The Vanuatu Economic Stimulus Package ( ESP)
June 30, 2020 12:36 am | Posted in Features | Share now TwitterFacebook
On the 31st March a little over a week after the 2020 national elections, the outgoing caretaker Prime Minister, Charlot Salwai, issued a statement in response to the COVID-19 Crisis and the economic outlook for Vanuatu. The statement contained a number of measures to be implemented, that were intended to stimulate the economy after the closure of our borders and the devastating effects of this on the country’s tourism sector. The business community welcomed and applauded this initiative. The VBR has reviewed the Government Economic Stimulus Package and its implementation
Deferral and Cancellation of taxes and Charges
The caretaker government announced that it would defer a number of taxes and charges in 2020 to assist business back dated to the beginning of January.Those who had already paid their business fees were to be refunded.The practical reality was that this was never implemented. Those who had not paid their Business License Fees were able to benefit.Subsequently, it was announced that for those who had paid prior to 31st March, the 2021 business License fees would be waived.
Still not obtained clarity from the-government on how the reduction in the rate would be implemented. Despite this, the banking industry have been involved from the beginning of the crisis in trying to assist businesses manage their survival.
The Employment Stabilisation Payment (ESP)
The Employment Stabilization Payment (ESP) was the cornerstone part of the Stimulus Package and in a COM decision No16/2020, it was agreed that it would commence implementation of the proposal. Under the ESP, eligible employers would receive VT,000 per employee for four months from March – June 2020.In addition to this, employers would receive an additional 12%to cater for VNPF contributions and other costs. VNPF confirmed that approximately 20,000 +employees from the private sector were covered under this package.
Applications for the ESP commenced middle of April. At the end of April, the Vanuatu Government announced that the Employment Stimulus package had received over 200 applications, and payments to 36 companies covering 883 employees had been approved.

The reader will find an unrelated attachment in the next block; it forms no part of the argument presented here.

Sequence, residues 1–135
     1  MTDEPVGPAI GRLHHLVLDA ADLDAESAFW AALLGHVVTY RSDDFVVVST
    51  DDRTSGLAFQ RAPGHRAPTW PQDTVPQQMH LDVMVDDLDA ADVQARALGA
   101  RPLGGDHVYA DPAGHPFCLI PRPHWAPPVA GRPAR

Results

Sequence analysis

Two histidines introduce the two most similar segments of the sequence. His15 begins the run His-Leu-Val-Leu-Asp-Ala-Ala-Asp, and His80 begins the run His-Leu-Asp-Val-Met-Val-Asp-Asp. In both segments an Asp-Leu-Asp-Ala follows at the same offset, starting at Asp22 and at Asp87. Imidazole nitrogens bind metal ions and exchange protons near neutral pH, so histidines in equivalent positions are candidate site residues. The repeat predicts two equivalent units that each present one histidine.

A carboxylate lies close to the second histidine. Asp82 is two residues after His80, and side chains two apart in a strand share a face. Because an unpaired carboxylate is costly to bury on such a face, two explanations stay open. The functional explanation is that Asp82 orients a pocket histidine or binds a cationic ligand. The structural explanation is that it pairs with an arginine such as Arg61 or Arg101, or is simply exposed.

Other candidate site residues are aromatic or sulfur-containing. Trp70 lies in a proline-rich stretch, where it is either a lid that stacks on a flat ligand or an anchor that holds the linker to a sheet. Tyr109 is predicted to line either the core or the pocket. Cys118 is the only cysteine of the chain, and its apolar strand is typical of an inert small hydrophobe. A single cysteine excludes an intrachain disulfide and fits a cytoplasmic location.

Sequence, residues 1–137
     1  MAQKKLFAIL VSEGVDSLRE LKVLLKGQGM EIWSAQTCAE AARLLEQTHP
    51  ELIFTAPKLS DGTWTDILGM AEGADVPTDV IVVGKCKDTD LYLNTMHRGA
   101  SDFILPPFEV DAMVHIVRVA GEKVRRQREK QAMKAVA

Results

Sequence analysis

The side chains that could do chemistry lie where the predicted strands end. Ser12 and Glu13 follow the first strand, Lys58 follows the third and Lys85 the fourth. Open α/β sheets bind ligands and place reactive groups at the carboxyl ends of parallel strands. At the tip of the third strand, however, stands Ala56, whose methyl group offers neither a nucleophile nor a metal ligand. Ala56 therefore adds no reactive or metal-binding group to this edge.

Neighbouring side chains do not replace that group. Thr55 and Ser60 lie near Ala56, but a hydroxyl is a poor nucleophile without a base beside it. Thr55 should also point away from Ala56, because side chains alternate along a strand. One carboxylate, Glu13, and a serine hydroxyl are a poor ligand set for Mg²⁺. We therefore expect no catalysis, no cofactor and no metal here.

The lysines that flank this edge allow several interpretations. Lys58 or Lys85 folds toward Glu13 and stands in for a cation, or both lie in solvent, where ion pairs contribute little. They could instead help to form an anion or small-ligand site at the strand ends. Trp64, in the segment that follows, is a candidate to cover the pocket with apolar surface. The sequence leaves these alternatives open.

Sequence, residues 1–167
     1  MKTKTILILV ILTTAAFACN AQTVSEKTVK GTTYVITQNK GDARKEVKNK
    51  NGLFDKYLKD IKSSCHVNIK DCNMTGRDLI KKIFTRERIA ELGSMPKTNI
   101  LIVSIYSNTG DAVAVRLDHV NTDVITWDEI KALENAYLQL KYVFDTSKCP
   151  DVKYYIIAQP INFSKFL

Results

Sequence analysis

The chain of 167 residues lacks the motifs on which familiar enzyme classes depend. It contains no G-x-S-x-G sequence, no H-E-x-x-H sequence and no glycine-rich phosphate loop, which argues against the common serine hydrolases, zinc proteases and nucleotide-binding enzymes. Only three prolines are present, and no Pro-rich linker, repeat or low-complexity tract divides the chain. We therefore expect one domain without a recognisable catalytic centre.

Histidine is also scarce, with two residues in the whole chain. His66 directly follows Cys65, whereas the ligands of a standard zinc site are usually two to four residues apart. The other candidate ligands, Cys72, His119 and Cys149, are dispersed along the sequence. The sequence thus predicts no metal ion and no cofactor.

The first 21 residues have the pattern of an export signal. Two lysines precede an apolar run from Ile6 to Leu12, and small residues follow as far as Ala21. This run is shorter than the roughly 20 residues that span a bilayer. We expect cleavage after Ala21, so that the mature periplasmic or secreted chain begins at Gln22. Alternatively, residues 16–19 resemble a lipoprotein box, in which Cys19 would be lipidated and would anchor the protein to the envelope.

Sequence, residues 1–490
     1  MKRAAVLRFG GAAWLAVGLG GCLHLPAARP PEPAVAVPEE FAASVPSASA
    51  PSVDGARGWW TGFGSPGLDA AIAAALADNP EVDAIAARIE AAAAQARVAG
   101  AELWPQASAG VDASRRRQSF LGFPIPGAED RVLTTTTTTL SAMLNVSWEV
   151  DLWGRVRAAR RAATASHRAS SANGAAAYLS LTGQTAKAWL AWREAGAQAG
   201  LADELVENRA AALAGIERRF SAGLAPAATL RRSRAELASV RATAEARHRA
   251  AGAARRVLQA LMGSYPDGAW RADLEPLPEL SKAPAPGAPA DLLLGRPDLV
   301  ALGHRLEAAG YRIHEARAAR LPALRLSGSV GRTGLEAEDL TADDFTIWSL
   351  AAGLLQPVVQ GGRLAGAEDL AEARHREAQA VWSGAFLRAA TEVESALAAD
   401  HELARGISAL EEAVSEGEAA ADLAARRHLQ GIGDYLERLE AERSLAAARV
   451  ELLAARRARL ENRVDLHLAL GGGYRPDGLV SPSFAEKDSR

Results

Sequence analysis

The Daily Post reported on May 9 that the Government had announced that it had established its Policy regarding eligibility of the various sectors in the economy to the ESP. This policy was a dramatic change to the original announcement that all small to medium enterprises with a business licence and registered with the VNPF were eligible. The new policy was that only the Tourism and Hospitality sectors were eligible. Concerns were raised by the VCCI that because of the change in policy, staff layoffs in the private sector were a distinct possibility.
In response, the Opposition Bloc in government voiced their disagreement with the government and urged it to reconsider its decision to make it more inclusiveof all businesses. It accused the government of moving the goalposts and changing the objectives and scope of the employment stabilisation programme, jeopardizing survival of many businesses and therefore the employment of many Ni-Vanuatu. Businesses in Vanuatu who were not involved in hospitality but have been indirectly affected by the crisis accused the Vanuatu Government of misleading them .Many had postponed staff layoffs in anticipation of receiving the subsidy.
The VCCI urged the government to reconsider its decision, and subsequently, it was announced that it would review its policy. On Saturday 6 June, the Department of Finance announced that it had relaxed its ESP payment conditions and that the new rules for eligibility were that businesses had to demonstrate that they had been affected by the economic downturn by presenting VAT payment receipts for 2019 and the same period in2020. Each application would be assessed individually by Finance.